There is some meat in here. John Nathan-Turner’s dislike of six part episodes was the reason they ended up with a two-parter here (and the terrific Earthshock was to follow next), and the make-up designer apparently went on to work on Shakespeare In Love! Plus there’s the sequence where stuntman Gareth Milne nearly kills himself by throwing himself too far off the top of a building. Fortunately, that particular incident had a happy ending.
It’s a very entertaining, rather than particularly informative track on the whole though. And it is very, very funny.
There are a few more extras, too. A nine minute featurette called Now And Then talks about the locations used in Black Orchid, and looks at what has happened to them since (one location was previously used on Doctor Who in the story Castrovalva). It’s quite interesting, and certainly well presented.
Then we get a segment from Points Of View, presented by Barry Took at the time, with people writing in to complain about Doctor Who being moved around the schedules. It’s replete with the snotty voiceover woman of Points Of View of old, and even employs a robotic voice over one particular letter. “More monsters and fewer girls”, asks one scribe. “They do nothing but talk and shriek!”. Turns out he was only ten!
An interesting Blue Peter segment, running to around nine minutes, only actually covers Doctor Who towards the back end of it. It’s a small item where Simon Groom and Sarah Greene go and visit a costume company, who happed to have provided the outfits for Black Orchid.
Then there are some deleted scenes, which extend the drive from the Tardis to Cranleigh Hall, add in police officers discovering the Tardis at a railway station, and a few bits and bobs at the fancy dress party. These are well presented, with existing scenes in black and white, switching to colour when new footage kicks in.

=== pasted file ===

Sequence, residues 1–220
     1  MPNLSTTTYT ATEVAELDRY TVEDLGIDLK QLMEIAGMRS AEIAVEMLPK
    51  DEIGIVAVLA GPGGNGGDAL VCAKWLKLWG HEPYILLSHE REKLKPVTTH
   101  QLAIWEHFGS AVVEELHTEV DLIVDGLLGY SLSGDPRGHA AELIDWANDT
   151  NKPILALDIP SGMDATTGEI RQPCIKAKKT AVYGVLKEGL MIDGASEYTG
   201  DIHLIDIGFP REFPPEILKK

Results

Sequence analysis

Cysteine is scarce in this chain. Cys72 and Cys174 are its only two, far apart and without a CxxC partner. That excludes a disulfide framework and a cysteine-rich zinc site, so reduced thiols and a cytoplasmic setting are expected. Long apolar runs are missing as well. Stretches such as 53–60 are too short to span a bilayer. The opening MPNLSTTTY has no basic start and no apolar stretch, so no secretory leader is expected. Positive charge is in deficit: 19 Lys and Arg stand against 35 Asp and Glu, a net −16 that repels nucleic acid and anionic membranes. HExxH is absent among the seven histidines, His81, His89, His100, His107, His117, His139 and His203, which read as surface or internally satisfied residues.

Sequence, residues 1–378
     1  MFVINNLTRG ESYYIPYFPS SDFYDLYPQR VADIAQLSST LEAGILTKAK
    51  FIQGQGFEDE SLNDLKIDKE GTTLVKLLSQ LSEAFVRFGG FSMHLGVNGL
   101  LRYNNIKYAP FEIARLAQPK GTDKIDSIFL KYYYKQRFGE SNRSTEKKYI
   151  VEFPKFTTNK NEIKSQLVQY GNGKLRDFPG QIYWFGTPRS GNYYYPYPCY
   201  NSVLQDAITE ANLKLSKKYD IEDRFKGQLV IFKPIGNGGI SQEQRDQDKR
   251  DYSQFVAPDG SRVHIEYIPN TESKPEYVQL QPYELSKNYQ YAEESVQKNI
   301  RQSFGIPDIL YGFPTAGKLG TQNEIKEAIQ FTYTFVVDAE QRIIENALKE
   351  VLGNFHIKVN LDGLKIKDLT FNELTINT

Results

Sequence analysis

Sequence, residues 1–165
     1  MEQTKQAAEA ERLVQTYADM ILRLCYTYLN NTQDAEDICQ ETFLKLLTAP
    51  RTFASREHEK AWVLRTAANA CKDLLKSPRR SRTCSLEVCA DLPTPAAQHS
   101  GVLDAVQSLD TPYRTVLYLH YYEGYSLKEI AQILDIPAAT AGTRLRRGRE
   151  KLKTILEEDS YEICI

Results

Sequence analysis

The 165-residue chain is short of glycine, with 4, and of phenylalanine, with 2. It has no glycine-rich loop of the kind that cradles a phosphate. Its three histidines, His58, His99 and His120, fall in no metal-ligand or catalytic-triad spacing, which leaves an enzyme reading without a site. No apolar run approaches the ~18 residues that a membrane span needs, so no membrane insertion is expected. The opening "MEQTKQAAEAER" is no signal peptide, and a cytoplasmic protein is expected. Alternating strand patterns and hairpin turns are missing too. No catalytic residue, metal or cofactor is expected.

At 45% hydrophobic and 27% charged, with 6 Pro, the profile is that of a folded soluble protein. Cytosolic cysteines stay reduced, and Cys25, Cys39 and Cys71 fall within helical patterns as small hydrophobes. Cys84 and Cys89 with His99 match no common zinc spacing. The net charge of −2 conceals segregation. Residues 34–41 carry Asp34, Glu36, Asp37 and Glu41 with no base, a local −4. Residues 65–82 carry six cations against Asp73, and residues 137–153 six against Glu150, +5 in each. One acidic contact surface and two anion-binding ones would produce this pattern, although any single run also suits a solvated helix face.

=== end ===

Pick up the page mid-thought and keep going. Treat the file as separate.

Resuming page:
A small restoration feature is also diverting, highlighting the before and afters of the process. It uses on-screen captions to do this, and while you won’t watch it again, it’s nonetheless interesting to sit through once.
Stripped For Action, meanwhile, follows a similar feature on the recent The Time Meddler DVD, and is around 16 minutes looking at the comic strip adventures of the fifth Doctor. There’s a lot of substance here, and it’s well worth checking out.
Rounding off the package is a good info-text track, the PDF listings from the Radio Times, and a photo gallery slideshow. Plus there’s quite a good trailer for the upcoming DVD release of The Trial Of A Time Lord. That said, having sat through the entirety of said story on more than one occasion, it’s a tricky one for a trailer to encourage you to sit through again!
In all, a good catalogue release for a decent Doctor Who story. The highlight is the commentary track, for sheer entertainment value, but the smattering of additional extras also keep the high standard of Doctor Who discs going. Next up is The Invasion Of Time in May, and we can’t wait to see what they do with that…